Frequently, vibrations set up by machinery in the vicinity of the cutting table cause vertical movement of the plates 12 in the retaining slots. The effects of such vibration may be minimized by installing an elongated angle bar 20 longitudinally astride of thecenter bar 6' extending along the length of the bar with the outer edges 22 of its leg portions resting on the tops of the .plates adjacent each side of the bar 6'. The angle bar 20 may be securedin position by means of a U-bolt 24-at each end of the bar 6'. The U-bolts 24 are fastened to a plate 26 under the base of the bar 6' by means of nuts 23. If desired a wider angle bar may be used having its legs resting-on the tops of the plates'outside of the lugs 8. In this case a longer plate 16 which extends beyond the edges of the base of the bar 6' is used to secure the U-bolts.

Where it is necessary to flame cut a large number of heavy plates or workpieces I have 'found it desirable to provide protective caps 30 on the rods 18. The caps are made of material which has a higher resistance to the oxidizing eifect of the cutting flame than does the .steel of which the rods 18 are made so that even though the flame comes through the workpiece after it is cut and impinges on any of the rods 18 the protective caps will prevent the rods from being burned. Various materials may be used for making the caps, eg. cast iron, oxidation-resistant stainless steels, copper, and copper containing alloys such as Monel metal. All of these materials are characterized by having a higher resistance to the oxidizing eifect of the-cutting flame than steel.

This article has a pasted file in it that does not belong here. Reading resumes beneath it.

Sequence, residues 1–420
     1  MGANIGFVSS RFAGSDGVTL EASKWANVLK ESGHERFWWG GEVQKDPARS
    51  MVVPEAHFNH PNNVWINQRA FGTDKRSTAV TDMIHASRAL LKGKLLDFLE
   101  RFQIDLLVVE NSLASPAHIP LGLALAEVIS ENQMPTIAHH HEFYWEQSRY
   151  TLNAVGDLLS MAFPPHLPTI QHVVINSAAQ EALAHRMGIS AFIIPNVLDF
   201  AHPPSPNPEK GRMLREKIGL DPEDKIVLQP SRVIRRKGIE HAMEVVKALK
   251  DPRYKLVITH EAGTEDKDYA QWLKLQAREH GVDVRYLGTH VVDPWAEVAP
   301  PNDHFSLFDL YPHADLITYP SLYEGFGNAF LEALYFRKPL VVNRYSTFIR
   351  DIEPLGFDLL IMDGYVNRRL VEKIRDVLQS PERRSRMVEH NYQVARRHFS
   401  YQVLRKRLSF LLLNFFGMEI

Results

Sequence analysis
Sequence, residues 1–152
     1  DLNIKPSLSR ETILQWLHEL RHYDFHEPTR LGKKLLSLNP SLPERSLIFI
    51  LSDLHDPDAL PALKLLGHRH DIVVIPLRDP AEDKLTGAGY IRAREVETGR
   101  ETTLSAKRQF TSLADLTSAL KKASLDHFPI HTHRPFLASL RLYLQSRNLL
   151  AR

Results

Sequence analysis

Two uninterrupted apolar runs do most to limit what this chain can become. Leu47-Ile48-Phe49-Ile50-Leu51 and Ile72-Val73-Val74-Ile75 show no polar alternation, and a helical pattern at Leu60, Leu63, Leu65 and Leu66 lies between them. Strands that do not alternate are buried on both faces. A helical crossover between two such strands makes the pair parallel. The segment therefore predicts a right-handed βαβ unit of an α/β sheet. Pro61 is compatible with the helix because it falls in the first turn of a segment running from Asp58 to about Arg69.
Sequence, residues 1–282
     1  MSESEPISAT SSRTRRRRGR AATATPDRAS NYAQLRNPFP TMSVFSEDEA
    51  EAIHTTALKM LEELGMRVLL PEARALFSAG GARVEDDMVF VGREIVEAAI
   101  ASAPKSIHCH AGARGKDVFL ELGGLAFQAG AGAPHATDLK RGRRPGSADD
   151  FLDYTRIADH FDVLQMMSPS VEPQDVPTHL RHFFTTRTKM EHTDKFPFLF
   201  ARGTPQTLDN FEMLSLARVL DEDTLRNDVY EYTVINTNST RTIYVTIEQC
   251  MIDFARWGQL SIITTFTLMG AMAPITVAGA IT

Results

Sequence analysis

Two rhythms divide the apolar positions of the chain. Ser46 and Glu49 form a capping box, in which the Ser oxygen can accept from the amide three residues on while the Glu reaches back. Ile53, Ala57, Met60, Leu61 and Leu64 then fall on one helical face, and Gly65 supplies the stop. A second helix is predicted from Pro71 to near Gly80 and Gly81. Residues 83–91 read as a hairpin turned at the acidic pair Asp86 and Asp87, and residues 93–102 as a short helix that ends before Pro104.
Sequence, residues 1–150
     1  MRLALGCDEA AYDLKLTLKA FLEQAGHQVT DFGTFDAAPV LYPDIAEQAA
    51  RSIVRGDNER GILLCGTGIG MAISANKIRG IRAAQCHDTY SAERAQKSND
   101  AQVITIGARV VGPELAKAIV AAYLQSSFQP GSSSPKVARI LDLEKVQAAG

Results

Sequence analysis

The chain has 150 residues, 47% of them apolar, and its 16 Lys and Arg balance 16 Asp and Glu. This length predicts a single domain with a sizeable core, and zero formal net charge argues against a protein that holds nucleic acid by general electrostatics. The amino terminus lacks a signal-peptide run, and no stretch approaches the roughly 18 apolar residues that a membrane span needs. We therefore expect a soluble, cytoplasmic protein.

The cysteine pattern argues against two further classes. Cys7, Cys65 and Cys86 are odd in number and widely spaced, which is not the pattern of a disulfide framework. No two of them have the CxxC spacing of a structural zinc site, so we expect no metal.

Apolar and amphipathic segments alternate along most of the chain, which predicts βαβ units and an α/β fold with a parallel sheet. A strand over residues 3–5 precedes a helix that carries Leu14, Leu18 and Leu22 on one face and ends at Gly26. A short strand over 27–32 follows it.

Where workpieces having one straight edge are to be flame'cut I have found it desirable to provide aligned abutments along one side of the cutting table in the form of spaced vertically disposed plates 32 welded to one of the side bars 6.